The pied avocet (Recurvirostra avosetta) is a large black and white wader in the avocet and stilt family, Recurvirostridae. They breed in temperate Europe and western and Central Asia. It is a migratory species and most winter in Africa or southern Asia. Some remain to winter in the mildest parts of their range, for example in southern Spain and southern England.
This species gets its English and scientific names from the Venetian name avosetta. It appeared first in Aldrovandi's Ornithologia (1603). While the name may refer to black and white outfits once worn by European advocates or lawyers, the actual etymology is unknown. Other common names include black-capped avocet, Eurasian avocet or just avocet.
The pied avocet is one of the species to which the Agreement on the Conservation of African-Eurasian Migratory Waterbirds (AEWA) applies.
The pied avocet is a striking white wader with bold black markings. Adults have white plumage except for a black cap and black patches in the wings and on the back. They have long, upturned bills and long, bluish legs. It is approximately 16.5–17.75 in (41.9–45.1 cm) in length of which the bill is approximately 2.95–3.35 in (7.5–8.5 cm) and the legs are approximately 3–4 in (7.6–10.2 cm). Its wing-span is approximately 30–31.5 in (76–80 cm). Males and females look alike. The juvenile resembles the adult but with more greyish and sepia tones.
The call of the avocet is a far-carrying, liquid, melodious kluit kluit.
These birds forage in shallow brackish water or on mud flats, often scything their bills from side to side in water (a feeding technique that is unique to the avocets). They mainly eat crustaceans and insects.
Their breeding habitat is shallow lakes with brackish water and exposed bare mud. They nest on open ground, often in small groups, sometimes with other waders. 3–5 eggs are laid in a lined scrape or on a mound of vegetation.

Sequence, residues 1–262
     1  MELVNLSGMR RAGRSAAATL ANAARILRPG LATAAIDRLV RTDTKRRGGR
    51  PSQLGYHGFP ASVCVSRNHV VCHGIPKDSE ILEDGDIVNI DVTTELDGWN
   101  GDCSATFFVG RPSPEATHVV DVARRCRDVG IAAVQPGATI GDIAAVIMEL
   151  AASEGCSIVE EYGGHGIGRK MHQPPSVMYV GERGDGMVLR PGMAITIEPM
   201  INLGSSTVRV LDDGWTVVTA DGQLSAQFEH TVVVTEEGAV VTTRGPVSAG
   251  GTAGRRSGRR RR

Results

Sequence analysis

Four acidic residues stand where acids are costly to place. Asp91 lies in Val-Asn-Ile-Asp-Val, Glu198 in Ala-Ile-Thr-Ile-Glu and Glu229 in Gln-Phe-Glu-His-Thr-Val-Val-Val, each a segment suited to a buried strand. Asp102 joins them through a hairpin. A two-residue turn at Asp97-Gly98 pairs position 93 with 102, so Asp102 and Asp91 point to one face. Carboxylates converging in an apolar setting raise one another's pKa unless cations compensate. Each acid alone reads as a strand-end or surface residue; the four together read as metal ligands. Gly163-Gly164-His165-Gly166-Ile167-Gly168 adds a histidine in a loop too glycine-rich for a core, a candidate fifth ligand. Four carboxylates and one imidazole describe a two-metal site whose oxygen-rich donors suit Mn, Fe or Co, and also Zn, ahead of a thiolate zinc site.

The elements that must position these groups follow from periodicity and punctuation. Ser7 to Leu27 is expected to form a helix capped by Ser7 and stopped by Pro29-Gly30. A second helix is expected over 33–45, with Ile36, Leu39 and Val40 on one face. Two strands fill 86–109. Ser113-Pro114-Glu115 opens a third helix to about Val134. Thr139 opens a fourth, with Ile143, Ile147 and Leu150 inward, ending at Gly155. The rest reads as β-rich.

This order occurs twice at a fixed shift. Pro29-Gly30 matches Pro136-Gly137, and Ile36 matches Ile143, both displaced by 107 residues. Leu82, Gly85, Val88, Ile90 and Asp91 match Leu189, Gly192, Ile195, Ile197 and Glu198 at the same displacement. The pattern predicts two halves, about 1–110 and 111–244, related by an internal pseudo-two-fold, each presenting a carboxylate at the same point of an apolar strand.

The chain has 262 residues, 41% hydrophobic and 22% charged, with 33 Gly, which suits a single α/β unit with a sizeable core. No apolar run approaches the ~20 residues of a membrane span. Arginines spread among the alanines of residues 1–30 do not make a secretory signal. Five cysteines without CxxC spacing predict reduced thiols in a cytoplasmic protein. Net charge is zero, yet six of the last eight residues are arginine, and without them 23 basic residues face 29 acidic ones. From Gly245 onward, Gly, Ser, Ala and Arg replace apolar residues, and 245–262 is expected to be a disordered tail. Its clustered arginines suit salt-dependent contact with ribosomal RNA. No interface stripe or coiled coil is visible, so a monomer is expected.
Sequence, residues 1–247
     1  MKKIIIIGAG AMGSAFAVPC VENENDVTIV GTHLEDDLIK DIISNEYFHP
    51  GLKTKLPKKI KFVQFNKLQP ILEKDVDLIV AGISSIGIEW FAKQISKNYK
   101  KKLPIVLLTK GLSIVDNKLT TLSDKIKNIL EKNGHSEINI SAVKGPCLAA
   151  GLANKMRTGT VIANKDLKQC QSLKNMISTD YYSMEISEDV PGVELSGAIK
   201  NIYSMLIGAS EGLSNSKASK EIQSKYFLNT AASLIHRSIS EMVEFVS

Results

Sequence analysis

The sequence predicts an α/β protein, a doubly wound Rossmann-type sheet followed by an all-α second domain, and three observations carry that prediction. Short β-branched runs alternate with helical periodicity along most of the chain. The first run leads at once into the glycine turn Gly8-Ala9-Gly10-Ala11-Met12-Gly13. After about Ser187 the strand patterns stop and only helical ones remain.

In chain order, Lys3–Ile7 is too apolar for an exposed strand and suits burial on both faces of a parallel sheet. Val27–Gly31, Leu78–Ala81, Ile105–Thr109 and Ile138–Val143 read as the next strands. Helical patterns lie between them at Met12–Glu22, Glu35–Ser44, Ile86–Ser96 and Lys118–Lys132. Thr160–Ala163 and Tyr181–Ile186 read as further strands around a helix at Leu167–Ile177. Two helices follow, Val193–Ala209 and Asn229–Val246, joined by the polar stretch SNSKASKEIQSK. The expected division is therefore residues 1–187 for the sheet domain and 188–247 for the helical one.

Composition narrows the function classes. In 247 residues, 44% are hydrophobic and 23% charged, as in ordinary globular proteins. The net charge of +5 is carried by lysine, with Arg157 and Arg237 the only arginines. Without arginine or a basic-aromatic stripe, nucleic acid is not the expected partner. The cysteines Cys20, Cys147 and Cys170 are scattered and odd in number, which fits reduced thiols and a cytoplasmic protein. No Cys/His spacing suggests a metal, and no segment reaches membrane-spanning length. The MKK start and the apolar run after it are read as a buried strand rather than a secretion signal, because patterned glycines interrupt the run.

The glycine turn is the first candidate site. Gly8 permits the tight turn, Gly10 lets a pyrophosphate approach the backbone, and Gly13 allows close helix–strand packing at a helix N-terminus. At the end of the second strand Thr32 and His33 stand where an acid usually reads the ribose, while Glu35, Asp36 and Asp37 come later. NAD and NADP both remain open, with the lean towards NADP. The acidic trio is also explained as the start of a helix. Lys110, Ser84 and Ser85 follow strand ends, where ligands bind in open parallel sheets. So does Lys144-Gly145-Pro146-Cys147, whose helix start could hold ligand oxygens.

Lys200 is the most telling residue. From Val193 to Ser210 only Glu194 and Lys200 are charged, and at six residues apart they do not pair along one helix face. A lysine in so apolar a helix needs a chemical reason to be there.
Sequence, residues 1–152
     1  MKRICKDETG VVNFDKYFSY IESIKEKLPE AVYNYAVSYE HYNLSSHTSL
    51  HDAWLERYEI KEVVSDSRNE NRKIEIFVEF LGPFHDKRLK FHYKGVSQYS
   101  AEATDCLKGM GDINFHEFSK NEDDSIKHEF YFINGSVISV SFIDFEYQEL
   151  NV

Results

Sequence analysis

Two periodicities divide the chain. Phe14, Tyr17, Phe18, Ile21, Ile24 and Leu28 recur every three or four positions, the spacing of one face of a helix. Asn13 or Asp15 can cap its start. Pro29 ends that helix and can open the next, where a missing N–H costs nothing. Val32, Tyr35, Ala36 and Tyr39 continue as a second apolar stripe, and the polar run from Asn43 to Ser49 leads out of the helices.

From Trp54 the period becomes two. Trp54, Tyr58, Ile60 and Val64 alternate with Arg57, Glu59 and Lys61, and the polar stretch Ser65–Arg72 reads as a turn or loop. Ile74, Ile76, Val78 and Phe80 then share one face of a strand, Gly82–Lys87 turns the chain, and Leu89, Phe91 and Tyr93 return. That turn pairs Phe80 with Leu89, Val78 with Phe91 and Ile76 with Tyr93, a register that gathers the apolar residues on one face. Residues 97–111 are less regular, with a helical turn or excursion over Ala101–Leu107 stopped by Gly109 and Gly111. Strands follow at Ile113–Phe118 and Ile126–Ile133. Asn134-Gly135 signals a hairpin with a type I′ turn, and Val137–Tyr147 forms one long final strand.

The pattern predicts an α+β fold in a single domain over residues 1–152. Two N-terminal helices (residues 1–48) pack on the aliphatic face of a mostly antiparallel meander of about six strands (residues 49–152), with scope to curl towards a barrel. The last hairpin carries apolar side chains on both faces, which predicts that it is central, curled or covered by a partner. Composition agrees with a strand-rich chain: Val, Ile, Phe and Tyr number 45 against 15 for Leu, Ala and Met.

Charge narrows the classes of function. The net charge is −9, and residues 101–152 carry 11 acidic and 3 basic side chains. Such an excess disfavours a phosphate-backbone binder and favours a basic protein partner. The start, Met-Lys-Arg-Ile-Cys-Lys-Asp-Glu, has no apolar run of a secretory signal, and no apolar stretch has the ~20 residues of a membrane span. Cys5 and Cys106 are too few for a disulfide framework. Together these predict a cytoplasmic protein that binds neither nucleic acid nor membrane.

The pied avocet was extinct as a breeding species in Great Britain by 1840. Its successful recolonisation at Minsmere, Suffolk, in 1947 led to its adoption as the logo of the Royal Society for the Protection of Birds.
Video showing bird seeking food
- BirdLife International (2012). "Recurvirostra avosetta". IUCN Red List of Threatened Species. Version 2013.2. International Union for Conservation of Nature. Retrieved 26 November 2013.
- Lockwood, W.B. (1993). The Oxford Dictionary of British Bird Names. Oxford University Press. ISBN 978-0-19-866196-2.
- Recurvirostra avosetta on Avibase
- The Birds of the Western Palearctic (Abridged ed.). Oxford University Press. 1997. ISBN 0-19-854099-X.
- Moreira, Francisco (1995). "The winter feeding ecology of Avocets Recurvirostra avosetta on intertidal areas. I. Feeding strategies". Ibis 137 (1): 92–98. doi:10.1111/j.1474-919x.1995.tb03224.x.
- "Birds return after 200 year gap". BBC. 15 June 2008. Retrieved 11 November 2015.
|Wikimedia Commons has media related to Recurvirostra avosetta.|
|Wikispecies has information related to: Recurvirostra avosetta|
- (Pied) avocet species text in The Atlas of Southern African Birds
- Avocet images at ebepe.com
- Pied avocet videos, photos, and sounds at the Internet Bird Collection
- Avocet images at stevenround-birdphotography.com
- BirdLife species factsheet for Recurvirostra avosetta
- Pied avocet photo gallery at VIREO (Drexel University)
- Interactive range map of Recurvirostra avosetta at IUCN Red List maps
- Audio recordings of Pied avocet on Xeno-canto.